Everyone’s New Year’s resolution these days seems to include eating better. In New Orleans, the home of fried food and starchy red beans and rice, oil and flour-thickened roux for gumbo, etc. etc., that may seem to be an impossible dream. But think about all the fruit and vegetable vendors in town, and it may not seem so far-fetched. After all, we have one of the last remaining singing mobile fruit and vegetable vendors in the country, Mr. Okra. Mr. Okra is famous these days for his newly painted truck, but his musical announcements for his wares dates back to the 19th century in New Orleans. If you’ve never heard this “I’ve got eatin’ pears, I’ve got apples,” sung in a strange rhythmic cadence, you’re in for a surprise. Sung in different ways to differentiate themselves from each other, street food songs have been a presence n New Orleans for many years. A recording made by music historians, The Classic Sounds of New Orleans, on the Smithsonian Folkways label, features Dora Bliggen, another old-time fruit vendor who could have had another career as a jazz singer. Now, there’s just Mr. Okra who cries his wares, using a speaker and Autotune to surreal (and startling) effect, but there are still folks in New Orleans set up all over town in different locations selling fresh vegetables or fruit from their trucks. Some of it is local produce in season-strawberries from Ponchatoula, or oranges from Plaquemines Parish, or greens from St. Bernard Parish truck farmers. Wherever you drive in town, you may see one of these trucks.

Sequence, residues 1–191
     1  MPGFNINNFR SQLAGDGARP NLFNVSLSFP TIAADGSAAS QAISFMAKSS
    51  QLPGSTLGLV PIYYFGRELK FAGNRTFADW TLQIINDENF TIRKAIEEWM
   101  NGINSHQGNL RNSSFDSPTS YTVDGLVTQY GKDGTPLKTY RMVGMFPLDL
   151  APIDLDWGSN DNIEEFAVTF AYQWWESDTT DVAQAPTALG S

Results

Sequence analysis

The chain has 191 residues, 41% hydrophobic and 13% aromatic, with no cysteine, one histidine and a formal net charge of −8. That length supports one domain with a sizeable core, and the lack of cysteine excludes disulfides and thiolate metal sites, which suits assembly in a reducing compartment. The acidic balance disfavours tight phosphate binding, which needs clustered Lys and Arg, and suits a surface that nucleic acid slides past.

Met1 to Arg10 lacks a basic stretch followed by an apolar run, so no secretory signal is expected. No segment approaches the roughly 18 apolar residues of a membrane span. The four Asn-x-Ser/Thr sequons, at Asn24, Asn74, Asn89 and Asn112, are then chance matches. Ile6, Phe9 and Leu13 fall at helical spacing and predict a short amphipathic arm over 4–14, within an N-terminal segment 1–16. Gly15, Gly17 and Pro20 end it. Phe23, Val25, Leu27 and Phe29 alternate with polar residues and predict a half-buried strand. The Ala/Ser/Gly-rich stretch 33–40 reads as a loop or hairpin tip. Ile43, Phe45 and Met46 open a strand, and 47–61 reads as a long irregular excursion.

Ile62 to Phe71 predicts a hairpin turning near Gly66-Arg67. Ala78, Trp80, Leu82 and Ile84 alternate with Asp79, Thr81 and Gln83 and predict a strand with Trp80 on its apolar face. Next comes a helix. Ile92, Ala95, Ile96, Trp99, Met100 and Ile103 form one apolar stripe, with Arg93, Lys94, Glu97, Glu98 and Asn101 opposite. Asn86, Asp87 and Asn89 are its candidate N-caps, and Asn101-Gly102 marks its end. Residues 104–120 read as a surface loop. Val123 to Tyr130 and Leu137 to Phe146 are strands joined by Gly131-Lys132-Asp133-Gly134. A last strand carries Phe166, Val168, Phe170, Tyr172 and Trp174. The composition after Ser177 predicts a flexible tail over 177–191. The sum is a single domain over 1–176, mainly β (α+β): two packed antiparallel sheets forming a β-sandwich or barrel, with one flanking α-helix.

Let’s not forget about the French Market, either, still the oldest continuously operating outdoor market in the country. It’s been there since 1791. The Sicilian immigrants who came to New Orleans in the late 19th century contributed a great deal, and Italian-Americans still sell fruits and vegetables at the market and from commercial warehouses. New Orleans was and is a port, and its immigration patterns at the end of the 19th century matched that of New York and San Francisco in numbers and diversity. Stalls at the French Market were operated by people speaking languages from all over the world, and many of those people later started corner markets and also sold wares from the streets. In the late 1990’s, the farmers’ market movement got underway across the country, and in New Orleans, since Hurricane Katrina, farmers’ markets have proliferated. Now we have farmer’s markets operating three days a week in town as part of the Crescent City Farmers’ Market, at 200 Broadway St. at the river Uptown on Tuesday, at 3700 Orleans Avenue at the Bayou on Thursday, and at 700 Magazine St. at Girod on Saturday mornings. Several more operate in different neighborhoods on other days. So, it’s easy to keep those New Year’s resolutions to eat more vegetables and fruit, as well as to buy local! And you’re part of New Orleans history while you’re doing it.